For Brotherhood officials who fled an aggressive crackdown at home for sanctuary in Britain, the investigation is a setback. But arguably a greater challenge for the exiles is their growing distance from rank-and-file activists on the streets of Egypt and their inability to direct the movement from afar.
Following the Egyptian military's removal of President Mohamed Morsi, a senior Brotherhood leader, the group has built up its presence in London, Doha, and Istanbul. Its London office is a cozy apartment above an abandoned kebab shop. British investigators will examine whether any terror attacks in Egypt were planned there.
There is scant evidence to suggest any Brotherhood involvement in the wave of bomb attacks that, according to official figures, have killed over 400 security personnel through mainland Egypt since July 2013. Most high-profile bomb blasts have been claimed by Ansar Bayt el Maqdis, an Egypt-based jihadist group with links to Al Qaeda. Yesterday's bombing at Cairo University, which killed a police officer, was claimed by another group, Ajnad Misr.
A source with knowledge of the British investigation told The Christian Science Monitor it was prompted by Prime Minister Cameron’s desire to maintain good relations with Saudi Arabia, which has encouraged regional allies to deny the Brotherhood refuge. Britain's ambassador to Saudi Arabia, John Jenkins, will lead the investigation.
The Gulf state has replaced the US as the chief benefactor of Egypt's new military-backed authorities, putting Saudi Arabia at odds with Qatar and Turkey, which remain sympathetic to the Brotherhood.
Shadi Hamid, a fellow at the Brookings Institution's Saban Center, says having a presence outside of Egypt is "critical" to the Brotherhood's longevity, providing its leaders with a safe space in which to discuss tactical lessons learned from Mr. Morsi’s year in office.
In Egypt, this has become impossible. Since Morsi's ouster, thousands of Brotherhood supporters have been arrested and more than 2,500 people have been killed. On Dec. 25, Egypt officially designated the Brotherhood as a terrorist movement, extinguishing the fading possibility of any reconciliation between the group and the military-backed authorities.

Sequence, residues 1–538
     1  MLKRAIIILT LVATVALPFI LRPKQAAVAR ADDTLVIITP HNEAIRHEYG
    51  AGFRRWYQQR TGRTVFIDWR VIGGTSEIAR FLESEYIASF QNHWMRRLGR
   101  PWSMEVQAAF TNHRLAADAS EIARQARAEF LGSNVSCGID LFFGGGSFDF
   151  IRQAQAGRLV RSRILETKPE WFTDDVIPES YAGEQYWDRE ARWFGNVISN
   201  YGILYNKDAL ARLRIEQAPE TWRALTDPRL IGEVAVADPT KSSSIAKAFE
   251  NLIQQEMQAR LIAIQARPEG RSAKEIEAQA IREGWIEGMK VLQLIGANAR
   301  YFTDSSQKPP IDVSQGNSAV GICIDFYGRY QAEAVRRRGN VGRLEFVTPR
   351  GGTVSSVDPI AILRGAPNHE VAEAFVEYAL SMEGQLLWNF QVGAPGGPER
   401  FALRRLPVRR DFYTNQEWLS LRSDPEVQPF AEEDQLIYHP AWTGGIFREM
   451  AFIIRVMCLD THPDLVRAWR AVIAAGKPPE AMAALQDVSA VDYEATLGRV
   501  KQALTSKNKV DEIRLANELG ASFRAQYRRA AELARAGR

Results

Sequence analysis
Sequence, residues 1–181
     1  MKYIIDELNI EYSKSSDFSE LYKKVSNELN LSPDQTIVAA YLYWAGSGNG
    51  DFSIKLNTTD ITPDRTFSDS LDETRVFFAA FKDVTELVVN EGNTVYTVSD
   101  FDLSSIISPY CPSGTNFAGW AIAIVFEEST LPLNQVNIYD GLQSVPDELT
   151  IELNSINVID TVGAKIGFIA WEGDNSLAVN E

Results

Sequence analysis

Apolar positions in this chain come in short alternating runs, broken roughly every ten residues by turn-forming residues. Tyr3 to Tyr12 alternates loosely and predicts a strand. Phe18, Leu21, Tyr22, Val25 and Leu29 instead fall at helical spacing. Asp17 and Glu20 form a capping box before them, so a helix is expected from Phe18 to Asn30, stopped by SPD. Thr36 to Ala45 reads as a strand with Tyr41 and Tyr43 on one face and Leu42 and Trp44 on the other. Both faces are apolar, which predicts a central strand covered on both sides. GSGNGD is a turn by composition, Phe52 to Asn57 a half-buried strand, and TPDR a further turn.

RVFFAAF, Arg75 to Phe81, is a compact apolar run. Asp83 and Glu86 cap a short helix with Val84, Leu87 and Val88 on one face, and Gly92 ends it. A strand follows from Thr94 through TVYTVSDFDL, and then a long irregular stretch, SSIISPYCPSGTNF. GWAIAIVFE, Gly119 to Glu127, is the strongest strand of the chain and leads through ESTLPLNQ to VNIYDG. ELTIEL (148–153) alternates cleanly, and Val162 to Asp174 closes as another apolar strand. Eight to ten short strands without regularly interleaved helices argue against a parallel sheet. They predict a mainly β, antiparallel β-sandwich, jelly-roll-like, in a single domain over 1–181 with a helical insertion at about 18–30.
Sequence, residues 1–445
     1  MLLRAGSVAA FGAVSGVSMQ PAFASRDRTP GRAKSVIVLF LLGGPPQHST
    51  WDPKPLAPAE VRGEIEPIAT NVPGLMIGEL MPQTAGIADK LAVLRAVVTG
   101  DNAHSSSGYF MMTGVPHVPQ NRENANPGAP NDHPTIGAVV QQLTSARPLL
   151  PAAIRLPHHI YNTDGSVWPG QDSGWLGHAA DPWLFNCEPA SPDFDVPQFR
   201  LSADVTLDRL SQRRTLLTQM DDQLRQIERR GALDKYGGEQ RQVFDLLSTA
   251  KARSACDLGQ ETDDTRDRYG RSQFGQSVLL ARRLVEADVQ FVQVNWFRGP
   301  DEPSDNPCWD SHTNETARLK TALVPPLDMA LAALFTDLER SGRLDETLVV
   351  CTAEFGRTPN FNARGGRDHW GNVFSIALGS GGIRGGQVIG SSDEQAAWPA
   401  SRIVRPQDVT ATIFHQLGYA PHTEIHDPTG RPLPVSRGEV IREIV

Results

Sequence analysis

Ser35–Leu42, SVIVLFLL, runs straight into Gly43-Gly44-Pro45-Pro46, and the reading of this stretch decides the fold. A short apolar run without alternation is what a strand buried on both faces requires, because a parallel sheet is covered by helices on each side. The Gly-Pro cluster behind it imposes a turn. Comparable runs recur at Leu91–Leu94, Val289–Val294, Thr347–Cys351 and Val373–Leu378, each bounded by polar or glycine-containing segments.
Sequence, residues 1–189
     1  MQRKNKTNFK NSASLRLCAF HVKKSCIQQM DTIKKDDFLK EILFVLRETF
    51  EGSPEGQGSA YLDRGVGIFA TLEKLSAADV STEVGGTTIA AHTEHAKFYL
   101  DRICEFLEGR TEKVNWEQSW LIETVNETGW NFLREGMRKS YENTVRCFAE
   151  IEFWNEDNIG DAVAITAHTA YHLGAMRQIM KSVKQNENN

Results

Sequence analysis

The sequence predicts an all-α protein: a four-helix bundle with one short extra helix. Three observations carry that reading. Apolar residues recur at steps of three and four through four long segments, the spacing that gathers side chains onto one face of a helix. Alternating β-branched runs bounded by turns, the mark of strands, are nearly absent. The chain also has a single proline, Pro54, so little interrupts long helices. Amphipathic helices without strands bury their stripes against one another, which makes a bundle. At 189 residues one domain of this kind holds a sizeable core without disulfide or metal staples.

As the Brotherhood expands its geographical spread in order to survive politically, Mr. Hamid expects tensions between the exiled leadership and its rank-and-file supporters who remain in Egypt to rise.
“The main tension in the Brotherhood at the moment lies between revolutionaries and conservatives,” he says. “The leadership in exile are products of the Brotherhood system. That means that they are fundamentally gradualist…. and they focus on the language of political processes.”
The public relations game
The London office is primarily a public relations office, according to those who follow the organization closely. They say it will be difficult to prove it has been a launchpad for anything more sinister.
“The Muslim Brotherhood has had a media office in London for many years,” says Eric Trager, a fellow at the Washington Institute for Near East Policy who has conducted extensive research into its activities. “Their official task now is to publicize the Brotherhood’s message and campaign for a reversal of the military takeover, both in public statements and through intense social media activity.”
Qatar's capital Doha has become the Brotherhood’s main operational base outside of Egypt. A number of high-profile figures, including strongman secretary-general Mahmoud Hussein, have moved there since Morsi's ouster.
Qatar is also home to the pan-Arab Al Jazeera network. Its Arabic channel has welcomed the exiles with open arms, giving them significant airtime and reportedly paying for the hotel rooms of some members.
The exiles have sought to get their message – that the coup and the crackdown were illegal – out to the Arab and international press. They have also hired London-based lawyers to compile a case against Egypt's military-backed authorities in the International Criminal Court.
A radicalized base
But the crackdown has radicalized many rank-and-file supporters within Egypt. For them, such incremental moves aren't enough for them: their goal is the destruction of the state as Egyptians know it, not just the right to control its levers once again.
At a recent pro-Morsi demonstration in Cairo, demonstrators carried signs reading "Cleanse the institutions and start again."
Hamid says this camp could gain traction as the two groups grow more distant. Already, young members speak of alienation from the Brotherhood’s exiled upper echelons, and say they make strategic decisions themselves.
“Imprisonment and exile have made communication difficult between the leadership and our base,” says one member, who cannot be named for safety reasons. District-by-district coordination is most important these days, she says. Other members say that local initiatives are often rubber stamped by exiled leaders with minimal discussion.
“The leadership abroad don’t really understand what is going on in Egypt, so when they do take decisions, they are usually wrong,” sighs one young supporter. “Appointing a new supreme guide or head of the party is just a formality now. They don’t have a real role in our movement on the street.”